Date of Completion
The ground water and surface water interface (GSI or Hyporheic zone) is a spatially- and temporally-fluctuating biogeochemical transition zone connecting these two distinct hydrological components. The mixing zone is characterized by a near neutral pH, ambient temperature and a sharp oxygen concentration which in turn has deep impact on the iron cycling and thus the fate of contaminants in the water column. We constructed an experimental micromodel that to observe key processes that affect biogeochemical iron cycling in the fresh water interface zones where the oxic surface water mixes with Fe (II) rich underlying ground water. The flow cell was constructed from Polydimethylsiloxane, (PDMS) a transparent, biologically inert silicone polymer which can be modified to represent the surface properties of natural porous media by oxygen plasma exposure. Our results demonstrated that with 25 seconds of high RF oxygen plasma exposure, the zeta potential of the PDMS surface is well within the reported range for other silicates and can be used as a surrogate for natural porous media. Using preformed iron oxide particles, a particle deposition rate of 415 min-1 and a single collector efficiency of 0.081 were obtained after PDMS “beads” had reached steady state coating. Iron oxide coating thicknesses on the PDMS beads were greatest at the inlet side of the flow cell and decreased in the flow direction toward the outlet. Reverse chemical gradients of dissolved Fe (II) and oxygen were created in a flow cell using a diffusive mixer to deliver source waters containing iron-only or oxygen-only solutions at circum-neutral pH. Subsequent monitoring of iron oxidation in the flow cell showed iron oxide particles to form and accumulate along the longitudinal center-line of the flow cell where the theoretical Fe (II) oxidation rate was calculated to be highest. Iron oxide particle accumulation in the flow cell was greatest around beads located at the inlet and decreased with distance along the flow path towards the outlet. These results indicate that PDMS micro-models may be used to simulate mixing zones in porous media, in particular the mixing of oxygen-rich water with anoxic iron- or metal-rich groundwater that represents an important aspect of biogeochemical iron cycling in the groundwater-surface water interface.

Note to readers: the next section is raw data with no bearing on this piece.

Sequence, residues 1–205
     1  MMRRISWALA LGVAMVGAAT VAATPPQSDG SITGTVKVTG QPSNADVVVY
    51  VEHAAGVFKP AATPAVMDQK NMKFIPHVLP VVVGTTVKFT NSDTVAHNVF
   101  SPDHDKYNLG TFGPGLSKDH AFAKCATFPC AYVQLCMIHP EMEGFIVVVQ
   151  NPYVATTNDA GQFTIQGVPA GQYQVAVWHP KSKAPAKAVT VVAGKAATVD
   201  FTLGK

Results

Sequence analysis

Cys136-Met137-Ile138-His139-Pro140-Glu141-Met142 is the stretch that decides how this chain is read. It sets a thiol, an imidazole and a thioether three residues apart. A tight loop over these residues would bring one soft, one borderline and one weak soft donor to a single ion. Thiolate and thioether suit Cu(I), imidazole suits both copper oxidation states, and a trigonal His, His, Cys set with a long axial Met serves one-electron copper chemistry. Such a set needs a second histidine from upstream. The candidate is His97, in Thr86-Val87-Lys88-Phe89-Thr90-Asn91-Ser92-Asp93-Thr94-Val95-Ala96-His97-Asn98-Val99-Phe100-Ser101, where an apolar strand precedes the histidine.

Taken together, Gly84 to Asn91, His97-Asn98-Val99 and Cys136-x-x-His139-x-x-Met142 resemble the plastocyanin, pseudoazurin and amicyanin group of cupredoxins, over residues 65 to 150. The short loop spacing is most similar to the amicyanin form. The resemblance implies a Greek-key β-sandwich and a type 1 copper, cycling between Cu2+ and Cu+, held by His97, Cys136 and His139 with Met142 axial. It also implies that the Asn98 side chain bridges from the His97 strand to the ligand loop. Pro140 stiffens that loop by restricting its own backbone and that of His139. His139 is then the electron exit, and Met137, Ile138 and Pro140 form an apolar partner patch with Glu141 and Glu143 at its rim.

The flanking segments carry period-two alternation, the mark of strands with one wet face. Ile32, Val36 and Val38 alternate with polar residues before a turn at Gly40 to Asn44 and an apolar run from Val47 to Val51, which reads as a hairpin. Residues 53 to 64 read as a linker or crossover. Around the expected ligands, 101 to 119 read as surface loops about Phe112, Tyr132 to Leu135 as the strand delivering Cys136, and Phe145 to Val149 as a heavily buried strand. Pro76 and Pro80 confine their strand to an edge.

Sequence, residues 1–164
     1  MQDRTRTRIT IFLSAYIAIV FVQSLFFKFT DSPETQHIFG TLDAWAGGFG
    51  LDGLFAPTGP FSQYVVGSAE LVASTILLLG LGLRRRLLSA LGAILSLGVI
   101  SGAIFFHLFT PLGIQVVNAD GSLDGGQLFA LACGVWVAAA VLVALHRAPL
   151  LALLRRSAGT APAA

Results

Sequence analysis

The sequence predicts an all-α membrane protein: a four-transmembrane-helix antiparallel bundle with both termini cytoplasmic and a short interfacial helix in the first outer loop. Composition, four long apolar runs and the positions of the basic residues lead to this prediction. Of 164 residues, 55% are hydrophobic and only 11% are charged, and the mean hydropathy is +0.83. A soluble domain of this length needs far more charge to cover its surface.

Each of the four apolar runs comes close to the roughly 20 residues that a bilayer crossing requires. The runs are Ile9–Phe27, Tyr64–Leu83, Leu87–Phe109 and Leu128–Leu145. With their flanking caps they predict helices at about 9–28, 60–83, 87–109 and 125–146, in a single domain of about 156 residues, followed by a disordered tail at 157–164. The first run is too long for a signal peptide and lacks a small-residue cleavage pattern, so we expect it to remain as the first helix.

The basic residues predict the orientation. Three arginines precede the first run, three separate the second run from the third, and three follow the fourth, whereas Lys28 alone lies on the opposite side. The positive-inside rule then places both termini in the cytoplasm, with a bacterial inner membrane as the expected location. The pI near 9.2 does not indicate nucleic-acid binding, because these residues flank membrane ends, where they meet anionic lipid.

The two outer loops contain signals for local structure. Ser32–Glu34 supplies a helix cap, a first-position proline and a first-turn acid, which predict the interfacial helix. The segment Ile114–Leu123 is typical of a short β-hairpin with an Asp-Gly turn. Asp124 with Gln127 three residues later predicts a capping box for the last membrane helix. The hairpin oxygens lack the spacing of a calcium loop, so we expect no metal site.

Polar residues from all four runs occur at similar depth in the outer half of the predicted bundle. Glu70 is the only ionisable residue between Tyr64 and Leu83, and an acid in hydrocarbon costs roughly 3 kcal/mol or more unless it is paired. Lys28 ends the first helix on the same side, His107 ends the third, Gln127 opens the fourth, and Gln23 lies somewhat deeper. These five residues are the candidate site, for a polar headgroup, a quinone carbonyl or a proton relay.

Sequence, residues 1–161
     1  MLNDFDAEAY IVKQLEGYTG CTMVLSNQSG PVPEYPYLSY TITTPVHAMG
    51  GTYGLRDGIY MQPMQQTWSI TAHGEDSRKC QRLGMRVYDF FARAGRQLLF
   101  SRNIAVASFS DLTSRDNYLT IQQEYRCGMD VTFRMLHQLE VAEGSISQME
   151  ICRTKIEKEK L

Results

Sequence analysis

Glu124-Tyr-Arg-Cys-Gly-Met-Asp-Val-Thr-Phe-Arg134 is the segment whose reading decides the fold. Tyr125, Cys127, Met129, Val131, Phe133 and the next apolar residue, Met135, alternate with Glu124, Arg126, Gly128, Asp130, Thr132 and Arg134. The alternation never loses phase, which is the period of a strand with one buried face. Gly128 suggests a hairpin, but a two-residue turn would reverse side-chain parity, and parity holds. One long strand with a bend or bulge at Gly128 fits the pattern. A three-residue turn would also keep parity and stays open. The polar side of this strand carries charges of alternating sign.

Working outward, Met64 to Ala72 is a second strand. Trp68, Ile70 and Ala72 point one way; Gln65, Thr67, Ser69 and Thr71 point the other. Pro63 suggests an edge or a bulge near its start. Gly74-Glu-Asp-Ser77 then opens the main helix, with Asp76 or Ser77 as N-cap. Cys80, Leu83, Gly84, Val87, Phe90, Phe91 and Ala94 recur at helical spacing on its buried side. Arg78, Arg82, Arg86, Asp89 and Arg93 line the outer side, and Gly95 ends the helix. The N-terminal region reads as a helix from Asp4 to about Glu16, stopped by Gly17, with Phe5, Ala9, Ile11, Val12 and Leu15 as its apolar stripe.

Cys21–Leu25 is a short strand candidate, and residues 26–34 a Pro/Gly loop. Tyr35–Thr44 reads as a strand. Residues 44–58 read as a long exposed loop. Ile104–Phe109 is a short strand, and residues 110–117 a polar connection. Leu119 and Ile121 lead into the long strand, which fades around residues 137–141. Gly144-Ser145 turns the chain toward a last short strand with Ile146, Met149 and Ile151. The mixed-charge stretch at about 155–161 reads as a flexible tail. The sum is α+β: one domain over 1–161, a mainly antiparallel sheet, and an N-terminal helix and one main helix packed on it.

Ghaisas, Neha A., "Understanding Formation and Transport of Amorphous Iron Oxyhydroxides in Porous Media using Microfluidic Flow Cells- a Novel Method to Study Freshwater Iron Cycling" (2011). Master's Theses. Paper 170.